Analyzing the advertising laws in every jurisdiction in which you are licensed can be a daunting task and is beyond the scope of this brief analysis. Yet, you can take some comfort that many states have laws which are similar in approach as to what is acceptable advertising. Ultimately, it would be a good idea to survey the laws where you are licensed, and to the extent one state mandates or prohibits something, apply that requirement across all states in designing your website. For example, put your name, license number(s), and business location for each state where applicable because California requires it.


[Back to Contents]
No doubt you have a myriad of other approaches in mind that have not been addressed. Some of the scenarios are as follows:

1) You want to contract with someone like Price for a banner ad and will pay them a fee for each account bound. Can I do this? Will price line need a license or is it commission splitting with an unlicensed entity? New York has opined that you can make such an arrangement with a hyperlink from the "advertiser" to your site and pay a percentage of revenues for the advertising fee as long as the banner ad does not cross the line from advertising to a recommendation or endorsement or solicitation by the website provider (in this case, Price

2) Even as a wholesaler I want to directly target certain businesses, banks for instance, with a specialized line of insurance products at my website and then refer them to a retailer or work with their retailer. Is this permissible? In all probability, most states will consider referrals or recommendations to be a form of solicitation. New York Law has a specific narrow exception to the general concept that referral equals solicitation. That exception is discussed in Circular Letter No. 5. For the excess line broker who is interested in developing business out of state your concern is how do other states view referrals. Historically, many wholesale brokers believed they did not need a license in that foreign state if a resident E&S broker in that state was making the placement. In effect, the local E&S broker complied with the law so my licensing status was not relevant.

Today, it would be better to have a nonresident brokers or E&S license where available in such states so you clearly have the right to solicit there. Any inquiry by such a states insurance department would recognize that licensing status. Now that nonresident E&S licenses are becoming more prevalent, consideration should be given to obtaining such licenses. The license offers you the benefit of openly soliciting and making your website interactive.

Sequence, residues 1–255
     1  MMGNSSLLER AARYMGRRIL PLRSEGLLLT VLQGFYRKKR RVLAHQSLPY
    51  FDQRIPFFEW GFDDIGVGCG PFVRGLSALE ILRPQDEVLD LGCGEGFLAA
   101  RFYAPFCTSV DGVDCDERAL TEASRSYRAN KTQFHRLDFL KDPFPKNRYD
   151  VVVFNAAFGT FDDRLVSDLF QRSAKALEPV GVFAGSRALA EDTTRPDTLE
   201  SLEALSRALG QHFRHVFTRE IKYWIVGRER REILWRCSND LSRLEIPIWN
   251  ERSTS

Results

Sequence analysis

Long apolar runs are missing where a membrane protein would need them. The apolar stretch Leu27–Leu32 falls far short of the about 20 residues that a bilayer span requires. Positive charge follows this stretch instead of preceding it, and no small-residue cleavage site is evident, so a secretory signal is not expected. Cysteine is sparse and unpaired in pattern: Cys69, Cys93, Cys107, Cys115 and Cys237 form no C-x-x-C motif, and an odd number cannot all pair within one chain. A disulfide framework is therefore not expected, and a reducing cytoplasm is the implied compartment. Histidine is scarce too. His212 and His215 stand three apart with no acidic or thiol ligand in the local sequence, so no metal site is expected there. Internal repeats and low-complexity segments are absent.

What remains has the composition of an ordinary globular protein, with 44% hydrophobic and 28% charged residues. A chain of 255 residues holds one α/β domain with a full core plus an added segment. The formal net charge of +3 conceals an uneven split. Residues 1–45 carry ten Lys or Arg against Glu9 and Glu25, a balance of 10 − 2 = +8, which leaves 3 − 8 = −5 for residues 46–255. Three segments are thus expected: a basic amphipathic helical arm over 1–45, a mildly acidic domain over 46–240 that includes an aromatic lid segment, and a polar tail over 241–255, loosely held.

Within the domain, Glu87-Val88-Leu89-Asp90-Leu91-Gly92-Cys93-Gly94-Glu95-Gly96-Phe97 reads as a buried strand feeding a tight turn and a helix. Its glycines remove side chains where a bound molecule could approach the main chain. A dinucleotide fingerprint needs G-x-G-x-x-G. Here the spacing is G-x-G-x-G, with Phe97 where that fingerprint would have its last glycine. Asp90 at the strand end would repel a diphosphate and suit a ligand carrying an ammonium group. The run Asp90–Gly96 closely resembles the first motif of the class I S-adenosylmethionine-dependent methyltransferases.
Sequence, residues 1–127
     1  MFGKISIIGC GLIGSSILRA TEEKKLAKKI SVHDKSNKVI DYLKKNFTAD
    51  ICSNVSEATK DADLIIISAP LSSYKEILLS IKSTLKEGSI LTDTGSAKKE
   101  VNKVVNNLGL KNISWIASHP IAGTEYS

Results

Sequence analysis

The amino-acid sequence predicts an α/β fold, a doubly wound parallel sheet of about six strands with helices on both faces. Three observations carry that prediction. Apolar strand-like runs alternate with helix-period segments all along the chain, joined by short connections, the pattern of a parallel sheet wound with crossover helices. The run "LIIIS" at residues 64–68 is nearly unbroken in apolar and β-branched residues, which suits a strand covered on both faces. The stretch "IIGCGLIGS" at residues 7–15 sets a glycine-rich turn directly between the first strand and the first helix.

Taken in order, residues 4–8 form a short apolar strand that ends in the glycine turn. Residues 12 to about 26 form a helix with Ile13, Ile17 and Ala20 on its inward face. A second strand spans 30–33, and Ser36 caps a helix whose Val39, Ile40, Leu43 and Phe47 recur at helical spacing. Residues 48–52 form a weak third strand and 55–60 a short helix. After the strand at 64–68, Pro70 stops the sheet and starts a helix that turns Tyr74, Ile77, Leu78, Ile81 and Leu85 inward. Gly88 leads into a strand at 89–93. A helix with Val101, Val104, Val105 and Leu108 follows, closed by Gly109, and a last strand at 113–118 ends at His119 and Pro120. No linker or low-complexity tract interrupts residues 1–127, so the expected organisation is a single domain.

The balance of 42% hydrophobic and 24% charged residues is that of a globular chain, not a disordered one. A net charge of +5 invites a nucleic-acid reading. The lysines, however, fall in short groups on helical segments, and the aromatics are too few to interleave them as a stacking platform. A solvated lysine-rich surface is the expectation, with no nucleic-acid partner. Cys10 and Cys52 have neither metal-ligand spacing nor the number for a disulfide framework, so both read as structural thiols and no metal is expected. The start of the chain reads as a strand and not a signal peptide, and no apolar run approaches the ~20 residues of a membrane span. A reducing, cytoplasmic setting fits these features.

3) If I put insurance applications and other tools of the trade on my website will that make it appear that I am soliciting in all states even with disclaimers displayed? The answer depends on your approach. Applications available to anyone would arguably be soliciting under most state laws. However, the New York Department has embraced having such forms and transactional documents available in a password protected area. In this manner, your site would be more of an advertisement on your home page and only interactive with those to whom you have provided a password. Keep in mind when your are putting up forms, be they applications, policies, certificates or others, you have to be mindful of regulations regarding type size, disclosures, etc. The states, at a minimum, are looking for electronic equivalents of all approved paper forms.


[Back to Contents]
New York Circular Letter No. 5 (2001) (Appendix A hereto), demonstrates the New York insurance departments positive embrace of electronic commerce in the admitted market. It was not directed primarily to the E&S market, however, one comment quoted below caused ELANY to seek clarification from the department.

The Circular Letter stated in part "if the insurance products or services are not being offered by a New York authorized insurer, thewebsitesmust contain a clear and conspicuous disclaimerand such products or services cannot, in fact, be made available in New York." While the circular referenced the "mail order" exception for excess line brokers later in the text, ELANY sought and obtained an Office of General Counsels Opinion which is attached hereto as Appendix C.

The opinion, in short summary, provides that once the risk has been qualified for placement under the excess line law, many steps in the application and documentation process can legally occur electronically provided the excess line broker is the conduit for transmitting the electronic files and documents between the insured (and retail producer where applicable) on one hand, and, the insurer on the other. The Opinion of Counsel consistently reinforces the legal principal that an unauthorized insurer, a New York insured even with a New York broker involved, cannot complete a New York excess line transaction except through a licensed excess line broker.

An excess line broker can transmit an electronic version of the unauthorized insurers application to a retail broker or prospective insured but the unauthorized carrier cannot. A retail broker or prospect insured or the excess line broker can complete the application housed on the excess line brokers website but not housed on the unauthorized insurers site.